A simple introduction to Kernel Density Estimation

The **Probability Density Function** is a function that used to specify the possibility of a continous random variable falling within a particular range of values (as apposed to taking on any value). This probability is given by the area under the density function but above the horizontal axis and between the lowest and greatest values of the range. An example probability density function is as below:

And the Probability Density Function has the following properties:

- non-negative everywhere
- integral over the entire space is equal to 1
- real-valued (continuous)

A **kernel** is a special type of Probability Density Function with the added property that it must be even. Some of the commonly used kernels are shown in the diagram below:

Kernel Density Estimation is a non-parametric method for estimating the probability density function of a continuous random variable. non-parametric means that we are not assuming any underlying distribution for the random variable.

The way it works is as following. At every data point (datum), a kernel function is created with the data point at its centre. The probability density function for the continuous random variable is then estimated by adding all these kernel functions and dividing by the number of data points to ensure that the resulting probability density function meets the following requirements: - non-negative everywhere - the integral of the entire space is equal to 1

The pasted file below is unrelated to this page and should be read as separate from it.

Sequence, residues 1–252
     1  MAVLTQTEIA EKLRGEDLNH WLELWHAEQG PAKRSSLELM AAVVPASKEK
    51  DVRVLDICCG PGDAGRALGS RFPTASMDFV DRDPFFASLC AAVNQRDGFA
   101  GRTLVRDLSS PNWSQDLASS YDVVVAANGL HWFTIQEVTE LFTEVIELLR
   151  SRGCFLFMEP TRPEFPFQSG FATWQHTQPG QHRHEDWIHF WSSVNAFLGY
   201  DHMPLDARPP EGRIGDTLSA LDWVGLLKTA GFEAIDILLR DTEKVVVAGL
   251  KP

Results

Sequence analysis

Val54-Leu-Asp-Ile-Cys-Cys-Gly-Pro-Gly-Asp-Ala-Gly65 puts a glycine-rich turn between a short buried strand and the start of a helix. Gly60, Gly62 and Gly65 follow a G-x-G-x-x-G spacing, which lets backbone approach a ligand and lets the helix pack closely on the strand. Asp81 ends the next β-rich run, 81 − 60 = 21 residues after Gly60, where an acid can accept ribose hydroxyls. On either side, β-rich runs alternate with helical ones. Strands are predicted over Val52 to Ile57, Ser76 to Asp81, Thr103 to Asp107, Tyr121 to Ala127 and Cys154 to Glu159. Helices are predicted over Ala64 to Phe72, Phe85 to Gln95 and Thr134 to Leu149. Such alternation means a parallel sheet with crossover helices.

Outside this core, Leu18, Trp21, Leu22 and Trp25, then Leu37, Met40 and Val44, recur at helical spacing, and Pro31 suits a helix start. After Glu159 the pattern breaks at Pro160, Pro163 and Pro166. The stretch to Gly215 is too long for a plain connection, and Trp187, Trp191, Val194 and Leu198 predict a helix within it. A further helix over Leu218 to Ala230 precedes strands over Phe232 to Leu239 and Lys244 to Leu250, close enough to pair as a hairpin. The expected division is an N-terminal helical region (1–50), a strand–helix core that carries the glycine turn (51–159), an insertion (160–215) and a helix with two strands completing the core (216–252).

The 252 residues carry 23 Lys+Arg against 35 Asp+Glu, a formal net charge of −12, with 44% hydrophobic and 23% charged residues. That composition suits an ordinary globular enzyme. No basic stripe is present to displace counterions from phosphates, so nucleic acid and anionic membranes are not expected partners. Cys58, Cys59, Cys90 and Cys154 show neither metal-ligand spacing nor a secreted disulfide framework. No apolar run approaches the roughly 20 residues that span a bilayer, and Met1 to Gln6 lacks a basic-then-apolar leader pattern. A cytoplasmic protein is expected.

Intuitively, the Kernel Density Estimation method sums up the bumps and divides the resulting function by the number of bumps.

Each "bump" is centred at a data point and it speads out to cover the data point's neighbouring values. Each kernel has a bandwidth which determines the width of the bump. A bigger bandwidth results in a shorter and wider bump that spreads out farther from the centre and assigns more probability to the neighbouring values.

- Choose a kernel such as mornal (Gaussian), uniform or triangular and decide the bandwidth (also called window width or the smoothing parameter).
- Build a scaled kernel function for each data point.
- Add all the kernel functions and dived by the number of kernel functions.

Choosing the bandwidth turns out to be the most difficult step in creating a good kernel density estimate that captures the underlying distribution of the continuous random variable. We will need to review various literatures to decide on the best bandwidth. But below is a general guideline:

- A small bandwidth results in a small standard deviation, and the kernel places most of the probability on the data point. Use this when the training data is large and the data points are tightly packed.
- A large bandwidth results in a large standard deviation, and the kernel spreads more of the possibility from the data point to its neighbouring values. Use this when the training data is small and the data points are sparse.